Up against the Wal-Mart
Local economic activist group to screen exposé of negative effects of expanding retail giant
A group of local citizens calling itself the Chico Advocates for a Responsible Economy (C.A.R.E.) will screen the film Wal-Mart: The High Cost of Low Price by director Robert Greenwald this Saturday, Nov. 19 at the Pageant Theatre. The screening is part of Wal-Mart Premiere Week during which the film will be shown at 7,000 locations across the country.
C.A.R.E was formed in response to the proposed expansion of the existing Chico Wal-Mart on Forest Avenue into a supercenter and the construction of a second Wal-Mart seven miles to the north between the Esplanade and the Sunset Hills Golf course.
Both projects are currently going through the environmental review process. The expansion for the Forest Avenue store hit a roadblock two years ago when the Planning Commission ordered a full-blown Environmental Impact Report. The giant retailer had hoped to sidestep that matter when it went through the public process of splitting the property.
Because the land was zoned commercial, Wal-Mart officials argued, there was nothing the city could do to stop the expansion.
Modesto attorney Bret Jolley, representing a local union-connected man, told the Planning Commission that the California Environmental Quality Act required the consideration of potential urban decay as a fall out of a new big box store be considered. Though that notion was more or less dismissed at the time by the local planning department, a ruling last December by a Bakersfield court confirmed that possible urban decay must be considered under CEQA.
According to senior planner Ed Palmeri, the proposed Wal-Mart should have its environmental documents ready for review by spring. The planning commission should get them soon after. The property, he said, remains in the ownership of the golf course.
Pat Murphy, also of the city planning department, said both Wal-Mart projects are the subject of traffic-impact studies. “We’re looking at both of them cumulatively,” Murphy said, as well as the two combined with existing traffic conditions in Chico. “We as city staff don’t expect a draft for public review for probably a couple of months.”
According to a press release from C.A.R.E. its members are “concerned about the impact two Wal-Mart supercenters will have on our local economy, traffic, environment and our quality of life in Chico.”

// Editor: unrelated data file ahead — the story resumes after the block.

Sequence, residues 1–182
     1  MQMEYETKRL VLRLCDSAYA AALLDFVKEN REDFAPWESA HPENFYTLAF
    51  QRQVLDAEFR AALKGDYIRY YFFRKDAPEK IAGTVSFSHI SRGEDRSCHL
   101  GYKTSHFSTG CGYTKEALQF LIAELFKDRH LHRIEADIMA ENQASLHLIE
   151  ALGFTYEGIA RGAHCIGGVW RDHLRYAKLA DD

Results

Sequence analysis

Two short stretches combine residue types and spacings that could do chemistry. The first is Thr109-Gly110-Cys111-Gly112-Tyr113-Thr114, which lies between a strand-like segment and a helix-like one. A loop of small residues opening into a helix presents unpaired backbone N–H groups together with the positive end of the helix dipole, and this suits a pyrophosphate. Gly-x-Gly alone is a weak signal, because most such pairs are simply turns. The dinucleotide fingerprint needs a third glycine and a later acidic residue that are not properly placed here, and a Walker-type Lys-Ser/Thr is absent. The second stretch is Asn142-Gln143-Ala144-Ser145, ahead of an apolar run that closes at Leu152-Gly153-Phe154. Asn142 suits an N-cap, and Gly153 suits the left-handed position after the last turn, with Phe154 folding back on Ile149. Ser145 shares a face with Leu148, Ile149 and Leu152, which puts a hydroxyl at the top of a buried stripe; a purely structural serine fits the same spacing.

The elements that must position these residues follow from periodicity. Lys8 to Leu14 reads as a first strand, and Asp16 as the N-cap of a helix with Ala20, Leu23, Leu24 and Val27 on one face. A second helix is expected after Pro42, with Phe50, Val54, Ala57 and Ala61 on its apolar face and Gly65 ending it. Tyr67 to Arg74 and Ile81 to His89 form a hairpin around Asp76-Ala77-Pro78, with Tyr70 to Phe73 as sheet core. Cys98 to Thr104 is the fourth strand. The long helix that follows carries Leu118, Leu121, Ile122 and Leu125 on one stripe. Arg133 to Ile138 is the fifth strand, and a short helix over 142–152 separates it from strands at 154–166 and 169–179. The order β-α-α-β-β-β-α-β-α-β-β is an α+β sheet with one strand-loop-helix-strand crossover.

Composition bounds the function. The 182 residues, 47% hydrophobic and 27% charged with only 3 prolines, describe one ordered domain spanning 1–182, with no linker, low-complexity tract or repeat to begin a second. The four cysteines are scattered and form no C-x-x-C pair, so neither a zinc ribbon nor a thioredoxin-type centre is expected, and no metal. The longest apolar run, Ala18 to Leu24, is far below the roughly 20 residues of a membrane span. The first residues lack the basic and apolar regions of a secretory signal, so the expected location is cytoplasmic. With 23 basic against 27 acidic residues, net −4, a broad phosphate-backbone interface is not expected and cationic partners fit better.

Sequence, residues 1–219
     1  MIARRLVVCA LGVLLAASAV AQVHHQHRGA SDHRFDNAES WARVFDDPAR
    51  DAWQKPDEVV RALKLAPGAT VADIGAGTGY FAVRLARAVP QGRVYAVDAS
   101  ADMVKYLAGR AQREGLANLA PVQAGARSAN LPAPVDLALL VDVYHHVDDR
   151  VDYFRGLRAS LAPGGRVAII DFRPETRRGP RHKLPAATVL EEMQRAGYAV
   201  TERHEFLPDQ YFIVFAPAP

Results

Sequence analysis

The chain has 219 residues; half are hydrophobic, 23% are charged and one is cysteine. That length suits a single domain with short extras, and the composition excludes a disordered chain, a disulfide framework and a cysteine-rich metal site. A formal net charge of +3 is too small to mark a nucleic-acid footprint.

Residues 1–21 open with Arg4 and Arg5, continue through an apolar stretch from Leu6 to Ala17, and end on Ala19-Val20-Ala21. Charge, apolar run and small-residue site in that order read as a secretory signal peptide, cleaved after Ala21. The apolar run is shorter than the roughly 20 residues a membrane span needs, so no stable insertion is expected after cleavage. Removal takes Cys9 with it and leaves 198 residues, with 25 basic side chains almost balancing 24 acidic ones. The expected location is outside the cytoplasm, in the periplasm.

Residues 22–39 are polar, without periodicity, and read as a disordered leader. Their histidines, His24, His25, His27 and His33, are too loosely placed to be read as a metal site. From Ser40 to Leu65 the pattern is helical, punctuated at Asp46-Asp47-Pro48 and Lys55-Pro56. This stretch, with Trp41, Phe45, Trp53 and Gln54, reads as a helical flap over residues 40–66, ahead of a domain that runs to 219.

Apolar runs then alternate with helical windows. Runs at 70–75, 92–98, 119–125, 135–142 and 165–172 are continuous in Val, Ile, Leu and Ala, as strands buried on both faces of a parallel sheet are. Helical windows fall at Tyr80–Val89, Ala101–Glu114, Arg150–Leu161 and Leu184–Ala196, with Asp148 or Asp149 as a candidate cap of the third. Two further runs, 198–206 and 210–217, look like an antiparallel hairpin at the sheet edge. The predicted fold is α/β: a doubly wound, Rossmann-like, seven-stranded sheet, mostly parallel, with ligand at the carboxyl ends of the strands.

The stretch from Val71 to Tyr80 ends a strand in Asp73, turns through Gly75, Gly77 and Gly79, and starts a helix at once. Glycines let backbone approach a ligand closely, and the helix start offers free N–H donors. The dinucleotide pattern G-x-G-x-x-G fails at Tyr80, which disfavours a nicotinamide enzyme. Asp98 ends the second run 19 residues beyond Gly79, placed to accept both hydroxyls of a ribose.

Heather Schlaff said she helped form C.A.R.E two years ago when she met attorney Jolley. The local group includes among its supporters the United Food & Commercial Workers union, and includes the Butte Environmental Council, the Esplanade League, the Butte Environmental Council, the university-based legal group CLIC and the Student Democrat Club and now has 200 people on its mailing list.
Considering the mighty financial clout of the Bentonville, Ark.-based company—it’s launched ballot measures to help get its stores into other cities in California—C.A.R.E. is facing an uphill battle. But Schlaff said the Bakersfield ruling has buoyed her optimism.
“Now I think we have a real chance to stop them,” she said.
In effect, the Bakersfield court ruled that because supercenters operate 24 hours per day, their increased impact relating to lights, noise, traffic and crime must be considered and that Bakersfield’s failure to disclose this proposed use is “not only misleading and inaccurate, but it hints at mendacity.”
For nearly a year the city of Chico was unable to announce the coming of Wal-Mart to the golf course location north of town, because a company out of Oregon called PacLand, represented the Arkansas-based mega-store. Wal-Mart’s name does not appear on any of the required applications.
The court ruling also says the local government agencies must consider possible “urban decay” impacts of supercenters. The court ruled that Bakersfield had dismissed such consideration as outside the scope of environmental review, Jolley said.
“When there is evidence suggesting that the economic and social effects caused by the proposed shopping center ultimately could result in urban decay or deterioration, then the lead agency is obligated to assess this indirect impact,” the court said.
Also this week two other anti-Wal-Mart organizations, Wal-Mart Watch and Sprawl-Busters reported obtaining a document that reports the huge big box giant plans 484 new store openings, including 164 supercenters, plus expansions and relocations for 2006.
“This is a fight against local communities falling victim to Wal-Mart’s too-aggressive and frequently dishonest tactics,” Andrew Grossman, executive director of Wal-Mart Watch, said in a statement. “This is also a fight to avoid the blight caused by abandoned discount stores resulting in at least 26 million square feet of wasted space nationwide. The days of Wal-Mart showing up, building up, but rarely paying up, are over.”
The Pageant’s doors will open at 2:30 Saturday afternoon and the movie will start at 3. A donation of $5 per person has been suggested.
Schlaff anticipates a possible pro-Wal-Mart lobbyist infiltration at the screening, as happened the last time her group held a public meeting. The debate on the merits and evils of the mega-store will have to wait for another day.
“We have to be out of the theater by 5,” she said.